|Previous Section||Back to Table of Contents||Lords Hansard Home Page|
Baroness Chalker of Wallasey: The dissemination of the OSCE Code of Conduct is a national responsibility of each OSCE participating state, and we have no information about distribution of the code by Russian authorities in particular regions of the Russian Federation. Although distribution of the Code of Conduct is not part of its mandate, the OSCE Assistance Group in Grozny would be able to supply a copy to any person requesting it.
Baroness Chalker of Wallasey: In cash terms, we cannot estimate the cost to the United Kingdom. However, in 1996, we shall contribute 15.58 per cent. of the Ordinary (General) Budget of the Council of Europe, which also finances the costs of the Human Rights institutions.
Baroness Chalker of Wallasey: It is too early to say. We do not expect Russian ratification of the ECHR to have a noticeable effect on expenditure by the Human Rights institutions initially. But Russia is expected to contribute about 31 million French francs to the Ordinary (General) Budget of the Council of Europe in 1996, which should help to cover any additional costs that might accrue this year. Future years will be the subject of budget negotiations between all member states. But we shall continue to look to the Council of Europe to prioritise its activities before considering any increases to the budget.
Baroness Chalker of Wallasey: Both the United Kingdom and the United States are parties to the 1967 Treaty on Principles Governing the Activities of States in the Exploration and Use of Outer Space, including the Moon and Other Celestial Bodies (the "Outer Space Treaty"). Article IV of the Treaty contains an undertaking not to place in orbit around the earth, install on the moon or any other celestial body, or otherwise station in outer space nuclear or any other weapons of mass destruction. It also limits the use of the moon and other celestial bodies exclusively to peaceful purposes and expressly prohibits their use for establishing military bases; testing weapons of any kind; or conducting military manoeuvres.
Baroness Chalker of Wallasey: We are in regular contact with the United States on all matters relating to strategic security. But it is for the parties to the Anti-Ballistic Missile Treaty to agree on its operation.
Baroness Chalker of Wallasey: The context of the reference makes clear that it is for the United States and Russia, as parties to the Anti-Ballistic Missile Treaty, to consult on the interpretation and operation of the treaty. Her Majesty's Government is in regular contact with the United States on all issues relating to strategic security.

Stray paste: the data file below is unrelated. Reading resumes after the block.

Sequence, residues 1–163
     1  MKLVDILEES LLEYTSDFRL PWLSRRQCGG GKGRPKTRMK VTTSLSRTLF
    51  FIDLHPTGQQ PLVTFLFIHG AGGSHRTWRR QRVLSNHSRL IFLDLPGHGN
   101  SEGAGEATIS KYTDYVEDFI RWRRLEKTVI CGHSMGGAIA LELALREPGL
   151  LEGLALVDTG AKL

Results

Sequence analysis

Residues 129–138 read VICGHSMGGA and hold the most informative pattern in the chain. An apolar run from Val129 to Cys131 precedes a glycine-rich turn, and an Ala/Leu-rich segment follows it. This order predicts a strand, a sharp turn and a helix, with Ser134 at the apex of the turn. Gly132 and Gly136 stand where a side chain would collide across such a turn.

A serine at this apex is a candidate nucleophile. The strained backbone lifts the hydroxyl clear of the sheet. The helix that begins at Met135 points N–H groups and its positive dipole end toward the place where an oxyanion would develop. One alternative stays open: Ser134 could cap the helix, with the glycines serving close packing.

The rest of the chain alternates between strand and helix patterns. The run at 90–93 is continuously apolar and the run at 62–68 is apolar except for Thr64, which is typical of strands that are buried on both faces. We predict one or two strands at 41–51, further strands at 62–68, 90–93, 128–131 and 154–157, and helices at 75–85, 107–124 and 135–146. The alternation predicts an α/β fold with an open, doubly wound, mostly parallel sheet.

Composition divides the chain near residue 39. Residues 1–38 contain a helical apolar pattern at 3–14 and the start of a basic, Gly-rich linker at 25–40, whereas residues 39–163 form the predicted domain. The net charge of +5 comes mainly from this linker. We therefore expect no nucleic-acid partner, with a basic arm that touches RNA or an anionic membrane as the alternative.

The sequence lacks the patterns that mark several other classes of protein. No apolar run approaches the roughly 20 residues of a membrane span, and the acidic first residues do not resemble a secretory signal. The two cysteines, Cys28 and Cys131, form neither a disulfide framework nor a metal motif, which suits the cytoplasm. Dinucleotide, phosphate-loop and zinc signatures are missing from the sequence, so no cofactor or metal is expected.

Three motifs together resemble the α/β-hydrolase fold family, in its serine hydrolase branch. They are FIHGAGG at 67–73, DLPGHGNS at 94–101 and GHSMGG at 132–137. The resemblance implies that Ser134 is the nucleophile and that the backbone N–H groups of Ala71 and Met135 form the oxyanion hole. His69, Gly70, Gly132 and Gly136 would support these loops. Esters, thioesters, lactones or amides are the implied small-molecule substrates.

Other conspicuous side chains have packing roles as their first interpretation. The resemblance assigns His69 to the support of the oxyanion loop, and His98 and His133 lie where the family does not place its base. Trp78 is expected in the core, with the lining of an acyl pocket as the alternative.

The Minister of State, Department of Trade and Industry (Lord Fraser of Carmyllie): The answer given to my noble friend was that, if the dental profession and industry were to make a submission to the European Commission with view to a change in the legislation, assistance would be granted by the Department of Trade and Industry and the Department of Health. No such request has been received by either department. If a submission were to be made, it would have to address satisfactorily the safety concerns identified by the Commission's cosmetics safety advisory body, the Scientific Committee for Cosmetology, and by toxicologists at the Department of Health. The initial step is therefore for the dental profession and/or industry to take.
Lord Fraser of Carmyllie: There are a number of programmes to support research and development which can be made available for work on low-emission forms of transport. The Government also contribute £360 million annually to the European Union's fourth framework programme, under which British companies can engage in collaborative projects with companies in other member states. Low emission transport is one of the areas eligible for support.
The Minister of State, Department of Social Security (Lord Mackay of Ardbrecknish): Central settlement costs form only a small proportion of trading costs, and any increase in settlement costs compared with existing costs will itself be small. Even if the increase implied by CREST's tariff proposals (up to 90p in some cases) was passed on fully to investors, this would be unlikely to affect their investment decisions.
|Back to Table of Contents||Lords Hansard Home Page|